Movie Gallery customers> need to find a new movie-rental option.
The company, which also operates the Hollywood Video and Game Crazy chains of video shops, plans to close its remaining 2,415 stores, according to a Wall Street Journal report. The move comes in the wake of Movie Gallery filing for Chapter 11 bankruptcy protection in February. (The company did not respond to calls for comment before press time.)
We ve seen the writing on the wall [for in-store rentals] for years, says Dan Rayburn, a principal analyst with Frost & Sullivan, covering the online video market. Consumers have flocked to more budget-friendly rental options including mail subscriptions, online streaming and kiosks. Blockbuster hasn t fared well in the new changing rental environment, either. In March, the chain warned in a regulatory filing that it may be forced to seek bankruptcy protection if it is unable to refinance its debts. (Blockbuster did not return calls for comment before press time.)
In the rapidly changing rental market, there's no longer one best choice for orphaned Movie Gallery customers and other in-store renters. The best bet for your movie tastes and budget is likely to be a mix of several sources. Whatever you pick, track the number of rentals monthly, as well as your expenses. Most people overestimate how quickly they ll get to watch movies given work and social commitments, and so overpay, says Aya Kaneta, the community manager of budgeting site Thrive. Here's how the options measure up:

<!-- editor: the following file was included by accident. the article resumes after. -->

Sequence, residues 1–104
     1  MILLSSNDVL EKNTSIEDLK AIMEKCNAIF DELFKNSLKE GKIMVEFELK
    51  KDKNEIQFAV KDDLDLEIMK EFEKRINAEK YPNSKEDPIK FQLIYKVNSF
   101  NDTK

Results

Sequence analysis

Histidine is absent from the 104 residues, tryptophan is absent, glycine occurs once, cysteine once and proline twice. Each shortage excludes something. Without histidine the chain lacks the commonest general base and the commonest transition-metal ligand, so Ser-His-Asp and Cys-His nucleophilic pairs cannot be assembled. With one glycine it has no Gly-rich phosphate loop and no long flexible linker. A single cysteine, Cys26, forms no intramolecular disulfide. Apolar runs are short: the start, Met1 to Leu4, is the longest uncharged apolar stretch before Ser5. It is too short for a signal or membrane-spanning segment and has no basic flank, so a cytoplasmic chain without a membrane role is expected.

Video-rental kiosks -- vending machines that dispense DVDs could lure some of Movie Gallery s in-store renters, especially people who aren t comfortable renting online. Kiosk rental has grown rapidly. In a new study by research firm Market Force, 41% of participating consumers said they use kiosks instead of in-store rentals. (It was the first year the study was conducted.) Kiosks have a convenience factor: Most are located in supermarkets, drugstores and malls, Kaneta says. Unlike most video stores which want films back by 4 p.m., kiosks require returns by 9 p.m. Otherwise, you will be charged for another night s rental.
Good for: Budget-minded renters. Kiosks are by far the cheapest option for those who watch and return rentals quickly, Kaneta says. Redbox charges $1 a night for DVD and Blu-ray (available only in select locations). Blockbuster Express charges $1 a night for DVDs, $2 a night for Blu-ray. Sign up for email notifications, and both services will periodically send you codes for a free night s rental.
Bad for: Older and niche movies. Kiosks can hold up to 1,000 DVDs, and typically only carry 200 or so titles. That means selection will be limited to new releases and popular titles. (Redbox's selection may be even more limited. Earlier this year, the company struck a deal with Warner Bros., agreeing to withhold titles from the rental market until 28 days after they go on sale.) Kiosks aren't kind to return procrastinators, either. Lose or fail to return the disc within 25 days and you will be charged the full rental rate for that period (i.e., $25).